Now I can go through the two problems I identified above, and resolve to solve each at least once.
This will solve the immediate, superficial problem, and get my web site
This will prevent the problem from reoccurring in the future. Of course, this may open up my system to a new risk, in case a new version of
cert-manager somehow breaks something, but it may be a risk worth taking.
But don't forget the final step! Repeat for the problem-solving process itself.
In my example, I found two areas where I believe I could have improved the
process of fixing the problem.
I don't update MinimalPairs.net very often. For all I know, this problem may have been lying in wait for weeks before I attempted an update and noticed.
Two possible solutions come to mind for this problem. The first is to use a simple monitoring service to alert me when the web site's SSL certificate is no longer working.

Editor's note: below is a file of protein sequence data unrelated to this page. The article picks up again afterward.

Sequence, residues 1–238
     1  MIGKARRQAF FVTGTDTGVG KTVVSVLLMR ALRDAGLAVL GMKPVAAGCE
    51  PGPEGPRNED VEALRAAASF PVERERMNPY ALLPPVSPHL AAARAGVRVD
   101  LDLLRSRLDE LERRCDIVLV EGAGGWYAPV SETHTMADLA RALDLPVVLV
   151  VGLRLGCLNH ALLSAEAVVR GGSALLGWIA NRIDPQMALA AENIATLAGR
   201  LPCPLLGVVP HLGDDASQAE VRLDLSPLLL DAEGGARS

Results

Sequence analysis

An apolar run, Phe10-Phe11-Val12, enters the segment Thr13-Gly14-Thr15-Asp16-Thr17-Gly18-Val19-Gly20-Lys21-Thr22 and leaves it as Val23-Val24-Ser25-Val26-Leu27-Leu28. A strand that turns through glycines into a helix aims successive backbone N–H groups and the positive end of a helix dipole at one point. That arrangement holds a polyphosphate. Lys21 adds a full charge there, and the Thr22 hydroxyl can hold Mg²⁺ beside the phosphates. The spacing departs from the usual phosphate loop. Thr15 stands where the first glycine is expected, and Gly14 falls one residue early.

Second, and more proactively, I could use the same error logs which I used to debug the problem, and have them sent to a service such as Sentry.io, which can notify me immediately whenever a problem occurs.
In the spirit of solving each problem twice, I should do both of these.
Once the problem was identified, debugging it took longer than should have been necessary. This was largely due to the fact that Kubernetes doesn't keep all logs in centralized location. This could be solved by setting up a centralized logging system. I already use Loggly for most of my logging, so I can just set it up to track my Kubernetes logs, as well.
Using my technique, I came up with five potential solutions to a simple SSL certificate problem:
- Upgrade the certificate manager
- Don't depend on a specific version of the certificate manager
- Set up monitoring for the web site
- Set up error alerting
- Set up better logging
By applying all five of these solutions, I can ensure that not only have I solved the immediate problem, but that the overall health of my entire system is improving, and the next problem, no matter where it happens in the technology stack, will be that much easier to solve.